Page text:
(HealthDay News) — Users of terazosin, doxazosin, or alfuzosin are at lower risk for developing Parkinson disease (PD) compared with users of tamsulosin, according to a study published online in JAMA Neurology.
Jacob E. Simmering, PhD, from the University of Iowa in Iowa City, and colleagues assessed whether use of terazosin, doxazosin, and alfuzosin is associated with a decreased risk for developing PD versus use of tamsulosin. The analysis included 52,365 propensity score-matched pairs of terazosin/doxazosin/alfuzosin users and tamsulosin users identified in Danish registries and 94,883 propensity score-matched pairs identified in the US Truven database.
Patients in the Danish cohort who used terazosin/doxazosin/alfuzosin had a lower risk for developing PD (hazard ratio [HR], 0.88; 95% confidence interval [CI], 0.81 to 0.98), as did patients in the Truven cohort (HR, 0.63; 95% CI, 0.58 to 0.69). A dose-response association was detected, with greater risk reduction tied to longer use of terazosin/doxazosin/alfuzosin in the Danish cohort (short-term use: HR, 0.95; 95% CI, 0.84 to 1.07; medium-term use: HR, 0.88; 95% CI, 0.77 to 1.01; long-term use: HR, 0.79; 95% CI, 0.66 to 0.95) and in the Truven cohort (short-term use: HR, 0.70; 95% CI, 0.64 to 0.76; medium-term use: HR, 0.58; 95% CI, 0.52 to 0.64; long-term use: HR, 0.46; 95% CI, 0.36 to 0.57).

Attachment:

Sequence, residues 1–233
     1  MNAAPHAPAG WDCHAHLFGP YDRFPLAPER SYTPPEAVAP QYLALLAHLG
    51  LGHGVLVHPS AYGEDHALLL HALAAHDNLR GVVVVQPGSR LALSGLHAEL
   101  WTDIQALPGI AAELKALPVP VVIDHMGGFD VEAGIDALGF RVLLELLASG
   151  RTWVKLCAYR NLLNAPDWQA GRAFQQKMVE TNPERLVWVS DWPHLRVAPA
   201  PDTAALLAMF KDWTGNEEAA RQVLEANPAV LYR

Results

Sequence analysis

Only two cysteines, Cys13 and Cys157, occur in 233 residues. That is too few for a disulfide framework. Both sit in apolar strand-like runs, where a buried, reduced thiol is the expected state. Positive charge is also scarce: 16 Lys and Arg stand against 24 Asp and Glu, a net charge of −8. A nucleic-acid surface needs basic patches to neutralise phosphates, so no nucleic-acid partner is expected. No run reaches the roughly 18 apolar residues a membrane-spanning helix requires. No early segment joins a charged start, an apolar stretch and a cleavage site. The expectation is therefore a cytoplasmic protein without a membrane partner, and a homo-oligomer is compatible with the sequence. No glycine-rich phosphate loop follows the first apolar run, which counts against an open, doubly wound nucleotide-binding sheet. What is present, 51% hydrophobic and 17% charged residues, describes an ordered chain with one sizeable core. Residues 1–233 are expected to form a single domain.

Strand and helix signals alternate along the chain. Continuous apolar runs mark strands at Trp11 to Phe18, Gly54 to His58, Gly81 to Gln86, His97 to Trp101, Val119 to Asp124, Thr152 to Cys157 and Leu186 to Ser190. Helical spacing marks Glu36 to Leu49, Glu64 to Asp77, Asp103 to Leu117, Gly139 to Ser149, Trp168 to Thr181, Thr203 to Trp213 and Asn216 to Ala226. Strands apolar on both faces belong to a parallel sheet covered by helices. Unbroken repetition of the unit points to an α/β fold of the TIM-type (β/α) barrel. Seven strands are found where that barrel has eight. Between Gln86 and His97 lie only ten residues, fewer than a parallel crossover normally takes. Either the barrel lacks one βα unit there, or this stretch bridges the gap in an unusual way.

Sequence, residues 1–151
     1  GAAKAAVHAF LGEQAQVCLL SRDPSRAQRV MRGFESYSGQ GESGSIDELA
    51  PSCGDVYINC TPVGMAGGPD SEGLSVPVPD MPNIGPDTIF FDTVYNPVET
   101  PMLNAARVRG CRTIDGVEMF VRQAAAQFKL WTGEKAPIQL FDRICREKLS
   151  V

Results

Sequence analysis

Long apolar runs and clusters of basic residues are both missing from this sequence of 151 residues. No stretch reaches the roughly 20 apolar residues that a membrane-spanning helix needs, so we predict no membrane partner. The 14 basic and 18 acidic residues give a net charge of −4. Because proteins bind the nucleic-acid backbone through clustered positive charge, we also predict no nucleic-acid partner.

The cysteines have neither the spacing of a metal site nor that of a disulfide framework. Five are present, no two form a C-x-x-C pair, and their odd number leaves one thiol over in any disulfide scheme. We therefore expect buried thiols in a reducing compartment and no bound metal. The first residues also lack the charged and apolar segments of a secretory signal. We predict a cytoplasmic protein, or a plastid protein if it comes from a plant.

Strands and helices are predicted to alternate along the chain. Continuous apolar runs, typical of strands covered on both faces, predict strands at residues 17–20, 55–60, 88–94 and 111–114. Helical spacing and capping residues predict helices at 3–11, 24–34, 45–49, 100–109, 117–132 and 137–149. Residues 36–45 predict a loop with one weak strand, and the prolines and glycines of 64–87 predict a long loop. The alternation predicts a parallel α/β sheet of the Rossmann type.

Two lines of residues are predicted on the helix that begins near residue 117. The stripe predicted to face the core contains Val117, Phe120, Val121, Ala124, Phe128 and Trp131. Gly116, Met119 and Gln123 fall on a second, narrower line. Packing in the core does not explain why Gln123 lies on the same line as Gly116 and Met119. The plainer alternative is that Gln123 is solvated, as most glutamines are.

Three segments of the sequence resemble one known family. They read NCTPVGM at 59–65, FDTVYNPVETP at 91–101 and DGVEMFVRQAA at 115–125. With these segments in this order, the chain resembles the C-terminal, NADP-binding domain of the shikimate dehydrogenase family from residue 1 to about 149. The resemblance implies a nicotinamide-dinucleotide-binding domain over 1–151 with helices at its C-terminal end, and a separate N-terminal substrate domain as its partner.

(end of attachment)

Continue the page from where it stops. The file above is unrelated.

“Despite the relative differences in population and health care system structure, we found a similar protective effect in both countries,” Simmering said in a statement. “The replication of the finding in an international cohort is powerful evidence suggesting a causal effect.”
Simmering JE, Welsh MJ, Liu L, et al. Association of glycolysis-enhancing α-1 blockers with risk of developing parkinson disease. JAMA Neurol. Published online February 1, 2021. doi:10.1001/jamaneurol.2020.5157